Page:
Friday, March 25, 2016

Bob & Carol & Ted & Alice

Bob & Carol & Ted & Alice; drama / comedy, USA, 1969; D: Paul Mazursky, S: Natalie Wood, Robert Culp, Elliott Gould, Dyan Cannon

Documentary filmmaker Bob and his wife Carol arrive at a remote resort where people practise a New Age kind of seance. Upon returning home to L.A., Bob and Carol decide to adapt this new kind of living and be very open about anything. Bob admits to Carol that he had an affair, which surprises their friends, Ted and Alice, who are puzzled by their new kind of life style. This causes a commotion between Alice and Ted, who wishes he also had an affair with a woman he kissed. Angry at this, Alice persuades all four of them to have sex with each other at once. However, just as Bob starts kissing Alice, and Carol kissing Ted, they give up and realize they don't really want a foursome after all.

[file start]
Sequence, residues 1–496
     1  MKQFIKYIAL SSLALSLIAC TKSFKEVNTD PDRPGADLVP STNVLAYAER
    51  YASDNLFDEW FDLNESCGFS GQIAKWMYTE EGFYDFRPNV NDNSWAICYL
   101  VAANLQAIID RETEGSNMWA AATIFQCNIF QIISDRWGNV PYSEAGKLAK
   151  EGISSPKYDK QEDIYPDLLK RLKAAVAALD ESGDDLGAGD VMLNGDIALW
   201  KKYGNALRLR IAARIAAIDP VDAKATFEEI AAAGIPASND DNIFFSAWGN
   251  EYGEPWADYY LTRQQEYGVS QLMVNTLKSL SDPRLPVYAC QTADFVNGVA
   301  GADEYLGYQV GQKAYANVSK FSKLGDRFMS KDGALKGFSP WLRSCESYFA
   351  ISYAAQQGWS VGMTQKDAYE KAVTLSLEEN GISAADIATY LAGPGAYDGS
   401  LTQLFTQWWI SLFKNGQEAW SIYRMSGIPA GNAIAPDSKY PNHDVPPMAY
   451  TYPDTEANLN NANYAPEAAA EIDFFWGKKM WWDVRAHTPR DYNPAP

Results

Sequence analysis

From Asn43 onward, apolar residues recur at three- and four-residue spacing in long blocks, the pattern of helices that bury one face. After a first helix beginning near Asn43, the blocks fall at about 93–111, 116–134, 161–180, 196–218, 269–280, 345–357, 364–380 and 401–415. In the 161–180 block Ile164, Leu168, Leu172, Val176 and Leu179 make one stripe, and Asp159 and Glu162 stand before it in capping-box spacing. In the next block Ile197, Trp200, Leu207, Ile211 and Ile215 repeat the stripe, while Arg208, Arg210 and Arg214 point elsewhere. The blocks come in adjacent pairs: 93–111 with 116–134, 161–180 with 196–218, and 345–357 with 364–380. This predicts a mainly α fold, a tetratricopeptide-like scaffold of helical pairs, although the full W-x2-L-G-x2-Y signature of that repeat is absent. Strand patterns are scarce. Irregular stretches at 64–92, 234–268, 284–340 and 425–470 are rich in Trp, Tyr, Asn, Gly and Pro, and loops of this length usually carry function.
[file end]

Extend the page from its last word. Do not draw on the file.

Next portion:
Paul Mazursky's feature length debut film is a comic contemplation on the counterculture movement of the 60s and how the middle class tries to adapt this new kind of lifestyle to be "in", but finds out it is quite often disruptive for their mentality, and thus a middle ground needs to be found. This clash of liberalism and conservatism in "Bob & Carol & Ted & Alice" works only to a certain degree, however, since the narrative is often very chaotic and all over the place, overstretching the storyline into several pointless episodes with too much empty walk. Mazursky was at his height in the beginning of his career, and rarely goofed in that period, yet this film offers him in much less inspired edition. The endless debates about how the two couples feel upon finding out that one of them had an affair can only go so far before depleting the viewers' interest. Luckily, some dialogues have spark (in the pool sequence, where Ted admits he kissed a woman, but then stopped because he could not cheat on his wife, Bob gives this interesting quote: "How can you... let a moment disappear out of your life.. that will never ever come again?") as well as a few good moments, such as when Carol tries to talk openly with the waiter at the restaurant, but he resists and just remains official all the time. Not one of Mazursky's highlights, and not for everyone's taste, yet Natalie Wood is great in the leading role whereas the structure of the storyline is so untypical and startling that it still seems unpredictable, which prevents it from playing out like a pattern from many other films of that era.


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